Cancer Lessons Learned
Submitted by Cynthia MacGregor, cancer survivor supreme and author of 54 books (yes, seriously!), who found that her work and her attitude went a long way toward her healing.
I think the two lessons I learned from my cancer–which was over 30 years ago (so I really *am* a “survivor”!)–are that you shouldn’t be reluctant to admit you have a problem, but you shouldn’t treat yourself like “poor me”unnecessarily.
Yes, of course, if you’re having a rotten day, if the chemo or the radiation or the cancer itself are giving you a rough time, you can pamper yourself and hope others will do the same.But don’t throw yourself a pity party just because you have cancer, per se: I went for external cobalt teletherapy treatments every morning at 8:00 for five weeks, came home (I had an in-home office) and went right to work. I’d shiver under two sweaters all morning, a side effect of the radiation, then shed layers of clothing as I warmed up through the day. I’d lie down for half an hour if I needed to.(I was fortunate that I was self-employed with an in-home office.) But by and large it was business as usual, and I felt the better for it! Mentally it was a boost to know that I could go on working as always: “See–this cancer thing hasn’t got the best of me–I’m still working like always.” And that got me through.
I had my second intracavitary radium insertion the day before Thanksgiving–and came home from the hospital and cooked a turkey and all the trimmings for a HUGE bunch of people. Again, NOT pampering myself but doing what I always did reinforced my feeling that I was OK–not sick, certainly not dying. I was going to lick this cancer yet!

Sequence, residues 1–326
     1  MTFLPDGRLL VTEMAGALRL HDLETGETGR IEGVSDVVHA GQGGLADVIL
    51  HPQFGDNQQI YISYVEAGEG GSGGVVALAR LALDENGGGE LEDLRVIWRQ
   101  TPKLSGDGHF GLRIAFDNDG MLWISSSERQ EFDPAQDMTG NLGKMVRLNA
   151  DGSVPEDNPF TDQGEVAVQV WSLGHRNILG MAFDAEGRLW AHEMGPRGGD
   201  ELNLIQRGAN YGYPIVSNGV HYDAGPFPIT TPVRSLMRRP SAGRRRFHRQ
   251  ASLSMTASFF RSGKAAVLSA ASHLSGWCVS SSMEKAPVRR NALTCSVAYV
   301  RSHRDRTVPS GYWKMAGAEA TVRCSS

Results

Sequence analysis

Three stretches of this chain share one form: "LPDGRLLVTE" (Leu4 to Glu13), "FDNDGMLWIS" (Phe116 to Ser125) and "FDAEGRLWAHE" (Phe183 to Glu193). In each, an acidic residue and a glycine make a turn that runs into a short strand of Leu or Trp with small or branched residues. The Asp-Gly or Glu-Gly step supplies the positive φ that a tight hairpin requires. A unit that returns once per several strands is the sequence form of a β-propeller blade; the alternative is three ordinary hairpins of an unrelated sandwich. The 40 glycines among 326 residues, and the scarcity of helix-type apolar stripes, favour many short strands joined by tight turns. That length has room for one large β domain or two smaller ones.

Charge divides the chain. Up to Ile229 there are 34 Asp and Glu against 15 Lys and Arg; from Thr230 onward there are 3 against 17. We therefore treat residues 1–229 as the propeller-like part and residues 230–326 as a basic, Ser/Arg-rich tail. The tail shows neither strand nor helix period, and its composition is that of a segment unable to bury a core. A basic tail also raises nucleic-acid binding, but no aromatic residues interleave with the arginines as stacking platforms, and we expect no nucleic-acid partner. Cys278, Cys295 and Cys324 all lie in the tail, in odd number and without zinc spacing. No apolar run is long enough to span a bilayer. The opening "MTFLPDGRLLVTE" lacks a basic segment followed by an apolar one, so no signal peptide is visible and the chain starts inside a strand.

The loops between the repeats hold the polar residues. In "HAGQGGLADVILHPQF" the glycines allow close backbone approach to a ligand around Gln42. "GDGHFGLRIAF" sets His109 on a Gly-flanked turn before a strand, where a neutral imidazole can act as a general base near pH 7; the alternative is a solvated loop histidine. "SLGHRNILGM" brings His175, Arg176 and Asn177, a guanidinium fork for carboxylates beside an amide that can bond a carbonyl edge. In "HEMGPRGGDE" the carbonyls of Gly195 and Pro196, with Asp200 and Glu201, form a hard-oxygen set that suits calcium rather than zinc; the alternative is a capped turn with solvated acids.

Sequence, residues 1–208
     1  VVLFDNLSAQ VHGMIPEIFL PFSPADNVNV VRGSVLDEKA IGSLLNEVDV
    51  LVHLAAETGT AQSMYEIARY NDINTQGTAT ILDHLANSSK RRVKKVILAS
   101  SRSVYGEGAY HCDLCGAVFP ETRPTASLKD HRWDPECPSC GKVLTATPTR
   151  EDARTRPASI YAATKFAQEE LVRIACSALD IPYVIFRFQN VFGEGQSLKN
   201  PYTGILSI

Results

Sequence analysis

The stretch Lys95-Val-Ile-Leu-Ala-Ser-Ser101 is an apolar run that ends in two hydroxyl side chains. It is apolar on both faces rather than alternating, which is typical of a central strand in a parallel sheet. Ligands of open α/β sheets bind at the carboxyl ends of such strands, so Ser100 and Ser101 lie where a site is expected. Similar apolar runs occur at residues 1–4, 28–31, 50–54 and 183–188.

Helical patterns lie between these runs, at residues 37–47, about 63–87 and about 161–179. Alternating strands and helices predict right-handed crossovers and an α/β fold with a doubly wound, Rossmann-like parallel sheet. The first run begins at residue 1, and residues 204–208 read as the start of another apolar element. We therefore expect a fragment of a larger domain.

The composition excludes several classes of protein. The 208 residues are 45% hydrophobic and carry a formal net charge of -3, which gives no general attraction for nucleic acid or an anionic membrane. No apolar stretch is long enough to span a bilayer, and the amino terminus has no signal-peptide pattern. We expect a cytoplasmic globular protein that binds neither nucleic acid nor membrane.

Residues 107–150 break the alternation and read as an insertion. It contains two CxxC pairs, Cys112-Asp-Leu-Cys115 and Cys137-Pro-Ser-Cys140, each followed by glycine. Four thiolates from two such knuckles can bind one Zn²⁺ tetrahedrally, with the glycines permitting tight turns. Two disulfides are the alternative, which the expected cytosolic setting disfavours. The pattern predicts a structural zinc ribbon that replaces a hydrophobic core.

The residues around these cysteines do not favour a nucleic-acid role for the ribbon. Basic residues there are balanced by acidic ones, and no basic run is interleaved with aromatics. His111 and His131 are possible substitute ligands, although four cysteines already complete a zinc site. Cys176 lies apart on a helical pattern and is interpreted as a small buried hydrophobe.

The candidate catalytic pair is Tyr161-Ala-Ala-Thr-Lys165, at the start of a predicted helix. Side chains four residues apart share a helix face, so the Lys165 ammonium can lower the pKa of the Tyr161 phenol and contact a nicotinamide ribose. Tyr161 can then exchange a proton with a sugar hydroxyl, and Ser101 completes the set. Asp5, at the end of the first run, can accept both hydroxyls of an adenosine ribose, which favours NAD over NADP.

Immediately after my surgery–the day after–I went to the Patient Advocate’s office in the hospital and begged her, “Give me volunteer work to do. Anything! I can’t just sit in a hospital bed and play sick!” So I spent the remaining seven days of my hospital stay sitting on the floor of Pam Noguerola’s office, processing forms. Boring work but at least I felt I was working–which made me feel more “normal.”
Do what you have to do to get yourself through. For me, that was working and trying to lead as normal a life as I could. What can I tell you–it worked.
And as for the other piece of advice I mentioned–I didn’t hide from anyone the fact that I had cancer. (And this was in 1976, when it wasn’t discussed as openly as now.) I didn’t want pity–but I didn’t want to hide, either. And if I was having an “off” day, they’d understand if they knew what I was up against.
Here I am now, in 2008, well and happy and standing by my advice. I hope it stands you in good stead.
Palm Springs FL